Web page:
Black Obelisk with Cuneiform Inscriptions. (British Museum.)


Babylonian. This is the most ancient and most important of the three varieties of cuneiform. With it are inscribed tablets and cylinders, giving a vast amount of information on history, archæology, law, government, and mythology.


Scythic. The Scythic cuneiform is never found alone (with one exception), and represents an alphabet of some 100 characters. The language which they embody is an Ugro-Finnic dialect, of which little as yet is known.


Persian. The Persian cuneiform, which always stands first in the trilingual inscriptions, is the most recent of the three, and consists of some 44 characters. It is characterized by an oblique stroke which divides its words, and the wedges of which it is composed never cross one another. The language of the Persian cuneiform is cognate with the Avestan, and is the parent tongue of the modern Persian. This character was used in the period from B.C. 570-370. In it is written the great inscription of Darius Hystaspis at Behistun, containing a genealogical record, a description of the extent of his dominions, a list of the great events

The Name Darius (Dâryavas) in Cuneiform Characters.

of his reign, with prayers to Ormuzd and the spirits. Most of these inscriptions have been found at Persepolis (q.v.), Behistun, Naksh-i-Rustam, and Hamadan.

The cuneiform characters were originally pictures of the objects which they stood for (ideographs), like the Egyptian hieroglyphics and the earlier characters in Chinese; but as time went on the forms were modified and simplified so as to lose their pictorial character, though a few still suggest the primitive design.

At first they were drawn in outline on a vegetable substance (likhusi), but a little later on clay, to the difficulties of which are due the first modification in the original shapes of the letters. The subsequent use of stone and metal carried this modification still further. An archaic revival, however, set in during the age of Assurbani-pal, when it became customary to use once more the most ancient characters. The signs, originally ideographic, became subsequently phonetic, denoting each a syllable. The cuneiform syllabary contains in all some 2000 signs—ideographic, syllabic, or purely phonetic—being sometimes used in one way and sometimes in another.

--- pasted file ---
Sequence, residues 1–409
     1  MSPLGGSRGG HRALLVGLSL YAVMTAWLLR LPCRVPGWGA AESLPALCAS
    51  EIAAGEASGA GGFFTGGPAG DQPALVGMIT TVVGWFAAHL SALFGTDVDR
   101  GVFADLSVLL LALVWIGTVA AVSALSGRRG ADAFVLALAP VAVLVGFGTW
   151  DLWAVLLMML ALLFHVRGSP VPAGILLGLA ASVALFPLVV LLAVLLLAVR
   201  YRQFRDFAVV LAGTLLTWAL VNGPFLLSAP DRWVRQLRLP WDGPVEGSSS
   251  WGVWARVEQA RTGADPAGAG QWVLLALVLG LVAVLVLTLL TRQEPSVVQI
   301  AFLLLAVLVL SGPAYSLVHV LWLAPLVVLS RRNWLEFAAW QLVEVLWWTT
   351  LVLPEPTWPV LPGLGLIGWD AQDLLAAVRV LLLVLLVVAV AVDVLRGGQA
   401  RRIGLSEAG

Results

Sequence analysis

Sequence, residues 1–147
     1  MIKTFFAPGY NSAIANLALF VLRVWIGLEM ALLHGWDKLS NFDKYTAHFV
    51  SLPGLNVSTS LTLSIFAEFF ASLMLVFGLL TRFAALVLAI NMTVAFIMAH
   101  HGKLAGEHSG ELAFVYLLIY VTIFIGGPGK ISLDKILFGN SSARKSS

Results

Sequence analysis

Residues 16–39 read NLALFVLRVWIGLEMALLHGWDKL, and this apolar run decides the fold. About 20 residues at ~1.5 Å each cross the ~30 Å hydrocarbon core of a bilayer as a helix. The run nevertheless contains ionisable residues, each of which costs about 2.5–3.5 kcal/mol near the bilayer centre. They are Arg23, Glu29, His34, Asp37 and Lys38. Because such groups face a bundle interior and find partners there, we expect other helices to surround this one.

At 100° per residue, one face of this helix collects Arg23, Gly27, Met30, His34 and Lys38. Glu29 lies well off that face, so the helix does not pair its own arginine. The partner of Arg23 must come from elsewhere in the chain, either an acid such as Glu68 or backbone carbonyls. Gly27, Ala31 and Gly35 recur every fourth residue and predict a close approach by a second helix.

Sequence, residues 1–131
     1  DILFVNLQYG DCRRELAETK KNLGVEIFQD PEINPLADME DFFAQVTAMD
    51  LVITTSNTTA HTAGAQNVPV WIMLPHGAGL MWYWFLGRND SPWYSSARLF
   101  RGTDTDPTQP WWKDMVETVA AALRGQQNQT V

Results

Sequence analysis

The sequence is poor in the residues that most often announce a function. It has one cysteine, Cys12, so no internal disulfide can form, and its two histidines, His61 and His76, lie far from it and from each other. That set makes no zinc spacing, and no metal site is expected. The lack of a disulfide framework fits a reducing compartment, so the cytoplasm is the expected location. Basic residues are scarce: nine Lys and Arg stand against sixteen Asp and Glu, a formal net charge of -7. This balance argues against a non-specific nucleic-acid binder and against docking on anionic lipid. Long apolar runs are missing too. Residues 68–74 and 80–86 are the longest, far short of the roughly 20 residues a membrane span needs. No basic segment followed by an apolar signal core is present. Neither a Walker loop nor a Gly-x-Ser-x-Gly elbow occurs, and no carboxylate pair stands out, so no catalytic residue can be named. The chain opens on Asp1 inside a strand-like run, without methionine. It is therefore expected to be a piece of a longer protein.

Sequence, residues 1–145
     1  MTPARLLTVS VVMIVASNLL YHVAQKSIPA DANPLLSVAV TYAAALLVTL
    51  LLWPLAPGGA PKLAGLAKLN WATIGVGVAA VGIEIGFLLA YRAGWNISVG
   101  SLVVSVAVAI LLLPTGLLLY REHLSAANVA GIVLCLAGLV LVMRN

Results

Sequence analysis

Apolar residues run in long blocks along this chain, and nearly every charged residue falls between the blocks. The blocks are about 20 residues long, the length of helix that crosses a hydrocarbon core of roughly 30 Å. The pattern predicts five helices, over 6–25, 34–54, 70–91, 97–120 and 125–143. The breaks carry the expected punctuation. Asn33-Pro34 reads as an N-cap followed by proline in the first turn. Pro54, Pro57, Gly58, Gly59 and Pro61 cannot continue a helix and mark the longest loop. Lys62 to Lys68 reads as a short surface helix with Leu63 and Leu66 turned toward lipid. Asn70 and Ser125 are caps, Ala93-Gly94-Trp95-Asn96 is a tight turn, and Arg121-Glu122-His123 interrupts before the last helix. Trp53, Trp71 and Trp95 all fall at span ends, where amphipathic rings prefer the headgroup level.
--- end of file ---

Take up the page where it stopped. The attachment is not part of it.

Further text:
The characters were inscribed upon stone, glass, and metal with a chisel; and upon clay with a sharp-pointed stylus having three unequal faces— the largest for the outer and thickest wedges of the letters, the medium-sized for the medium

Archaic Cuneiform Character for “Fish.”

strokes, and the smallest for the finer lines. The Babylonian clay tablets or “bricks” are in size from one inch upward, pillow-shaped, and covered with characters often so minute as to be difficult to read without a magnifying glass. (See illustration on page 179.) After the inscriptions had been made, the tablet was dried in the sun and then enclosed in a case on which the inscription was duplicated. These are styled “case-tablets.” Tablets were also used by the Assyrians, especially by the literary classes; but the records of this people were very often carved upon the stone panels of their palaces and on colossal human-headed bulls. Cuneiforms have been found, likewise, on amethyst, jasper, and onyx.

Bibliography.—The bibliography of the subject is very extensive. The following standard works are selected out of a great number: Lassen and Westergaard, Ueber die Keilinschriften (1845); Hincks, On the First and Second Kinds of Persepolitan Writing, in the Trans. of the Royal Iranian Society (1846); Rawlinson, Commentary on the Cuneiform Inscriptions of Babylon and Assyria (1850); Grotefend, Die Keilinschriften aus Behistun (1854); Ménant, Inscriptions Assyriennes (1859); id. Les Écritures Cunéiformes (1864); Oppert, La Grande Inscription de Khorsabad (1866); De Gobineau, Traité des Écritures Cunéiformes (1864); Spiegel, Die Altpersischen Keilinschriften (2d ed. 1881); Ewald, Geschichtliche Folge der semitischen Sprachen (1871); Schrader, Die Assyrisch-Babylonischen Keilinschriften (1872); G. Smith, Phonetic Values of Cuneiform Characters (1871); Sayce, Assyrian Grammar (1872); Norriś, Assyrian Dictionary (1871); Botta, Mémoire sur l'Ecriture Cunéiforme Assyrienne (1848); Oppert, Les Inscriptions Assyriennes (1862); Manant, Recueil d'Alphabets (1860); Delattre, Les Inscriptions Historiques de Ninive et de Babylone (1879); Taylor, The Alphabet (1883); Amiaud and Scheil, Les Inscriptions de Salmanasar II. (1890); Brunnon, Classified List of Compound Cuneiform Ideographs (1889); Bezold, The Tell-el-Amarna Tables (with autotype facsimiles) (1892); and the Assyriologische Bibliothek, edited by Delitzsch and Paul Haupt.